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screeplot(PCA_data, type=“lines”)

This plot shows the bend at the second principal component.
Let us now fit two naive Bayes models.
 one over the entire data.
 The second on the first principal component.
We will calculate the difference in accuracy between these two models.
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#Select the first principal component for the second model
model2 = PCA_data$loadings[,1]
#For the second model, we need to calculate scores by multiplying our loadings with the data
model2_scores <– as.matrix(data_iris) %*% model2
#Loading libraries for naiveBayes model
library(class)
library(e1071)
#Fitting the first model over the entire data
mod1<–naiveBayes(iris[,1:4], iris[,5])
#Fitting the second model using the first principal component
mod2<–naiveBayes(model2_scores, iris[,5])

Accuracy of the first model
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# Accuracy for the first model
table(predict(mod1, iris[,1:4]), iris[,5])

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setosa versicolor virginica
setosa 50 0 0
versicolor 0 47 3
virginica 0 3 47

Accuracy of the second model
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# Accuracy for the second model
table(predict(mod2, model2_scores), iris[,5])

We can see that there is a difference of 3 predictions between the two models. In return for reducing our data to onefourth of the original, we lose on the accuracy only slightly. Hence it is a great tradeoff.
With this, we came to the end of the article. Let’s summarize key points.
Summary
PCA is a very popular method of dimensionality reduction because it provides a way to easily reduce the dimensions and is easy to understand. For this reason, PCA has been used in various applications from image compression to complex gene comparison. While using PCA, one should keep in mind its limitations well.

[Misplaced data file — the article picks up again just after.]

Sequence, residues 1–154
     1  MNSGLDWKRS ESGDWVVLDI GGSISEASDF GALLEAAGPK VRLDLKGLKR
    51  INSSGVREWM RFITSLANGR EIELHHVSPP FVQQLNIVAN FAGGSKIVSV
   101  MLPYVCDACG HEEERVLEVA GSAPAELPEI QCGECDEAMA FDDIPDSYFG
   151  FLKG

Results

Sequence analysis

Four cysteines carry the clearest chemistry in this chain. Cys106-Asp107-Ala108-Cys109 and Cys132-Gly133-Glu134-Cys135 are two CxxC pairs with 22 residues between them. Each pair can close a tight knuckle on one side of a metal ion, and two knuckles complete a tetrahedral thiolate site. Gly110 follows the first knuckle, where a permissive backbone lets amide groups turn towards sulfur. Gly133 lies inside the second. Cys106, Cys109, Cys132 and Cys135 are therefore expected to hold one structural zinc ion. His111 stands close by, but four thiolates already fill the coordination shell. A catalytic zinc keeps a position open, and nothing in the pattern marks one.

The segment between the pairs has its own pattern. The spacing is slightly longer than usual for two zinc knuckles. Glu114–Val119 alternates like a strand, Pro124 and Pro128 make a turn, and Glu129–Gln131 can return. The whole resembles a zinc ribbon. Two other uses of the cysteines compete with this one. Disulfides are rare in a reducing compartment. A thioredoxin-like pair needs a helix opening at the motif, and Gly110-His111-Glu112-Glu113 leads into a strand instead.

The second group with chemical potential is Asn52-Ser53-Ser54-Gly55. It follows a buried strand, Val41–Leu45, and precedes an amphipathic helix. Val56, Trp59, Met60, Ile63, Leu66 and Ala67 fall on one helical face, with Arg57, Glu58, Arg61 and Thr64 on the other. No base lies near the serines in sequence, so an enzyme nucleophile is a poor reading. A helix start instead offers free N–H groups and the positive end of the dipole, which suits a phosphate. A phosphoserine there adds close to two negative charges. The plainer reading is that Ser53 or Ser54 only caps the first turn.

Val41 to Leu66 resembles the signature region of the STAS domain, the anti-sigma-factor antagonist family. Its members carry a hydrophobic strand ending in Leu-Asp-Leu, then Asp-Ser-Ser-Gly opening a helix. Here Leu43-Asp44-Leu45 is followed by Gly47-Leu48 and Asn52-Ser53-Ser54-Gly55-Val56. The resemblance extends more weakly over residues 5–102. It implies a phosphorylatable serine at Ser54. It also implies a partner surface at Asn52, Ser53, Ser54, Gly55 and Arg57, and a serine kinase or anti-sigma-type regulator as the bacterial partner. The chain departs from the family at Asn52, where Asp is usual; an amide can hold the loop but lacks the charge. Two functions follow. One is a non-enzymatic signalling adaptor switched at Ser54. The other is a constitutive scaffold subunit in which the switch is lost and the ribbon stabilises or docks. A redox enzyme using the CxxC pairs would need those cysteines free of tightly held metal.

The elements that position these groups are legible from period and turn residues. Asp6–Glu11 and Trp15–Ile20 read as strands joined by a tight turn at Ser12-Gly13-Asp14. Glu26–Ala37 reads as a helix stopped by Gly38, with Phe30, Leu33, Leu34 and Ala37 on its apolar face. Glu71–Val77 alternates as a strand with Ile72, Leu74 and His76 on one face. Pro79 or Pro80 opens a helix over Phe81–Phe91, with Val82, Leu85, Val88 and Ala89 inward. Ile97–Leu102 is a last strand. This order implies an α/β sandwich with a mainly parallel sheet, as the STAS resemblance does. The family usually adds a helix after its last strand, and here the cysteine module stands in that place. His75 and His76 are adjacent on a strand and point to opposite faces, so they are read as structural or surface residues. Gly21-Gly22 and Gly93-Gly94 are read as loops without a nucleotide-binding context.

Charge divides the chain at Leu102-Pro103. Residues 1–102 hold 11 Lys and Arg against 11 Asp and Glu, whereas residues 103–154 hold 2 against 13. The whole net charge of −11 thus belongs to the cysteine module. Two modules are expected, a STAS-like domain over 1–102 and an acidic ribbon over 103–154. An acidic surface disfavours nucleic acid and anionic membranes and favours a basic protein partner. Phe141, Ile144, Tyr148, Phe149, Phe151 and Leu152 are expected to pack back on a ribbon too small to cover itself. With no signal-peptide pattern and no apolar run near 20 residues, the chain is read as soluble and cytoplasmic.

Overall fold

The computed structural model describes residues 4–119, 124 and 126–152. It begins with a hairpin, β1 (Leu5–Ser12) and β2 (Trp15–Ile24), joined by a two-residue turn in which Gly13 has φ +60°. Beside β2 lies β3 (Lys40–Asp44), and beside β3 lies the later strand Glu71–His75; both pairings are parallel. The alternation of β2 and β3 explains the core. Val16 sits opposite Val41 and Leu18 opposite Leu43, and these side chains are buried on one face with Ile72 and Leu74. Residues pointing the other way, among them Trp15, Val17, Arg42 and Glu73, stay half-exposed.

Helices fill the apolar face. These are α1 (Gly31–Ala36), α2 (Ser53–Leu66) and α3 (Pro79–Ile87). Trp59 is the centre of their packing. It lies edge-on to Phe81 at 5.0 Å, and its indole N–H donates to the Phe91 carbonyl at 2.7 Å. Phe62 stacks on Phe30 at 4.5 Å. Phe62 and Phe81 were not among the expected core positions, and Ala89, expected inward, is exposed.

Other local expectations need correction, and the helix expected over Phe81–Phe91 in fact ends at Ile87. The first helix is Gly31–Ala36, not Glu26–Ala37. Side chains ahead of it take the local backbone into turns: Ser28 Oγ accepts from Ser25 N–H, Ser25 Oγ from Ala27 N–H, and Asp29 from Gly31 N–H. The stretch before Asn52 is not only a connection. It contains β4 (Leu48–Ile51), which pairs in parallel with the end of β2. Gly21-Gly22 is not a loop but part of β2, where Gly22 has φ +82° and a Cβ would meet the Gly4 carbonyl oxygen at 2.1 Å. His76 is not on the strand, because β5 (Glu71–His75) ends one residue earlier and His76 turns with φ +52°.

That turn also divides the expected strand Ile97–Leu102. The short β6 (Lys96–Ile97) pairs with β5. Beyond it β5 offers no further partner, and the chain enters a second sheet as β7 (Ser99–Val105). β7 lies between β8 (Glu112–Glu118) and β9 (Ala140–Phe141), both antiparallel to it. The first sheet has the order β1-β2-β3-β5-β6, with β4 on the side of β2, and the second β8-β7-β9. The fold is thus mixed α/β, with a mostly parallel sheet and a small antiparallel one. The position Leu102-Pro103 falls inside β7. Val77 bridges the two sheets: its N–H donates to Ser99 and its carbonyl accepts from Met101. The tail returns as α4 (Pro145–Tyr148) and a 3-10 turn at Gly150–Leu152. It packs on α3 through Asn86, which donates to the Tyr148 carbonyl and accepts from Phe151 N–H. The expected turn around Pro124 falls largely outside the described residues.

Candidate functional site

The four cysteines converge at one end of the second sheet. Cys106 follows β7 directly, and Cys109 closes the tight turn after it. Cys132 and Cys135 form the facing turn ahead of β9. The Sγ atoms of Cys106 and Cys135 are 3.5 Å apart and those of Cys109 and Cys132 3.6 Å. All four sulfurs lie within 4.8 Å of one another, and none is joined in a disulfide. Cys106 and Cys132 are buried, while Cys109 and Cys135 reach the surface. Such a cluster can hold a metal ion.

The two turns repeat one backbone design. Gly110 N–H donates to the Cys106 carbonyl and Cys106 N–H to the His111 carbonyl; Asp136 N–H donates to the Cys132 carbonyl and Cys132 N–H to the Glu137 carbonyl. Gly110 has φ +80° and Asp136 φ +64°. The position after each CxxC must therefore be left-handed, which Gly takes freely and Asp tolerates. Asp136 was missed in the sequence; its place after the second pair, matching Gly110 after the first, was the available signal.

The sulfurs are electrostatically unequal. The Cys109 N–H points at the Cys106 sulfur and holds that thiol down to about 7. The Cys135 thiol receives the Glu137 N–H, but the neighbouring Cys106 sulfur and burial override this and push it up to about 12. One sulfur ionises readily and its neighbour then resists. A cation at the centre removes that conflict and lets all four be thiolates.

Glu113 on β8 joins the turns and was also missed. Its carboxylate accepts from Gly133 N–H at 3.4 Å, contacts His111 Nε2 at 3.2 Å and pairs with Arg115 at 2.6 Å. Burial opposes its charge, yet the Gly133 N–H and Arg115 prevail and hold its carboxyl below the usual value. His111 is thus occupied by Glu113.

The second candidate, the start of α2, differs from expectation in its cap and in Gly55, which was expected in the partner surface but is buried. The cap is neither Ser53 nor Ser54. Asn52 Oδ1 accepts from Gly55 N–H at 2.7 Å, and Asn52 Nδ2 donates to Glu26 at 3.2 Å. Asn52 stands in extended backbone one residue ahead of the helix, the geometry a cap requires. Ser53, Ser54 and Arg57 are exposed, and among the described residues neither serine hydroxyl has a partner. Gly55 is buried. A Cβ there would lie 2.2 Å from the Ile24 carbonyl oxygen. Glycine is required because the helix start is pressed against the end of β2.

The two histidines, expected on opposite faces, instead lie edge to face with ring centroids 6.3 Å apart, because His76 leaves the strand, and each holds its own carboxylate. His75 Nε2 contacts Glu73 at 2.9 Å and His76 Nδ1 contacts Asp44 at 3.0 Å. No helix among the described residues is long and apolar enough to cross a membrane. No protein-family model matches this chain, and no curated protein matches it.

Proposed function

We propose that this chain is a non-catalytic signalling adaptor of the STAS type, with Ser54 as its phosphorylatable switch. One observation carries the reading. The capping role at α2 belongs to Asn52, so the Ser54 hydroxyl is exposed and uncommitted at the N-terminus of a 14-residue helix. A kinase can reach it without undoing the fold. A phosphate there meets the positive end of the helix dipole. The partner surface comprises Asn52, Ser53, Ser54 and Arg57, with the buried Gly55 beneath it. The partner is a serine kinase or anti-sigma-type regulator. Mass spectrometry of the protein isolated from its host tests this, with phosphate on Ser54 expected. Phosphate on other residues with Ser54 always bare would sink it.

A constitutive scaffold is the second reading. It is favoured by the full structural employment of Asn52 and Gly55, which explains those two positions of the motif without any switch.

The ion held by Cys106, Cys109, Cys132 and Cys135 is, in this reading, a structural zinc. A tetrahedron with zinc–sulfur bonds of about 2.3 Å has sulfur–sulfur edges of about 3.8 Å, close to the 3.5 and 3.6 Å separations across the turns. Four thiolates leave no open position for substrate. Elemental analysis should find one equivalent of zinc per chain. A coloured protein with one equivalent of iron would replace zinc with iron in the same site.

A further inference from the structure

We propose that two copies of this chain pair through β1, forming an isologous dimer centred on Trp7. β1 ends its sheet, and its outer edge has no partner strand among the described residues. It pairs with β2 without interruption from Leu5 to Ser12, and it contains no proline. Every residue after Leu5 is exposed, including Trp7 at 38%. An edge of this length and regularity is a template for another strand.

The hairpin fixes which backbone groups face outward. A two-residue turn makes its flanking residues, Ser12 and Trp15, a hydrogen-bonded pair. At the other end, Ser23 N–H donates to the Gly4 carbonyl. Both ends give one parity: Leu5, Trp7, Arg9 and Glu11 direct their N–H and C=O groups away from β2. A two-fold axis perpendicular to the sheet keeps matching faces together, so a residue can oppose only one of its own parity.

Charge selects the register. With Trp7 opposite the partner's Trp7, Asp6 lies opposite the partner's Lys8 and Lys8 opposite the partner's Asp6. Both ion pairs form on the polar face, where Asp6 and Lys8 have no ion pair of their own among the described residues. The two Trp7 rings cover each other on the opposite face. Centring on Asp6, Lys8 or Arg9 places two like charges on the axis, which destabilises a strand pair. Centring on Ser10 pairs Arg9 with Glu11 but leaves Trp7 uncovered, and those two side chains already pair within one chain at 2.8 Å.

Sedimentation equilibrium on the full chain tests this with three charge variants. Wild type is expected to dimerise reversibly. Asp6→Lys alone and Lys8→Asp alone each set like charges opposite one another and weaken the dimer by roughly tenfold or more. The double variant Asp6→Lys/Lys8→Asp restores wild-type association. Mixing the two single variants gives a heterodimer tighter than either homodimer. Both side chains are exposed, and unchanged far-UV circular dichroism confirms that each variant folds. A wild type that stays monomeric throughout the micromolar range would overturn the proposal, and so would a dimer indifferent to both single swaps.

PCA is very sensitive to the scale of the data. It will create an initial basis in the direction of the largest variance in the data. Moreover, PCA applies a transformation over the data where all new components are orthogonal. The new features may not be interpretable in business.
Another limitation of PCA is the reliance on the mean and variance of the data. If the data has a relationship in higher dimensions such as kurtosis and skewness then PCA may not be the right technique to use on the data. In situations when the features are already orthogonal to each other and are uncorrelated, PCA will not produce any useful results except ordering the features in decreasing order of their variances.
PCA is very useful in situations when the data at hand is very large. Example, in case of image compression, PCA can be used to store the image in the first few hundred components and use less number of pixels.
The entire code used in the article is as follows:
You can also clone the complete code from DataAspirant GitHub.
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#Taking the numeric part of the IRIS data
data_iris <– iris[1:4]
#Calculating the covariance matrix
Cov_data <– cov(data_iris )
#Find out the eigenvectors and eigenvalues using the covariance matrix
Eigen_data <– eigen(Cov_data)
#Using the inbuilt function
PCA_data <– princomp(data_iris ,cor=“False”)
#Let’s now compare the output variances
Eigen_data$values #The output is 4.22824171 0.24267075 0.07820950 0.02383509
PCA_data$sdev^2 #The output is 4.20005343 0.24105294 0.07768810 0.02367619
PCA_data$loadings[,1:4]
Eigen_data$vectors
summary(PCA_data)
biplot (PCA_data)
screeplot(PCA_data, type=“lines”)
#Select the first principal component for the second model
model2 = PCA_data$loadings[,1]
#For the second model, we need to calculate scores by multiplying our loadings with the data
model2_scores <– as.matrix(data_iris) %*% model2
#Loading libraries for naiveBayes model
library(class)
library(e1071)
#Fitting the first model over the entire data
mod1<–naiveBayes(iris[,1:4], iris[,5])
#Fitting the second model using the first principal component
mod2<–naiveBayes(model2_scores, iris[,5])
#Accuracy for the first model
table(predict(mod1, iris[,1:4]), iris[,5])
#Accuracy for the second model
table(predict(mod2, model2_scores), iris[,5])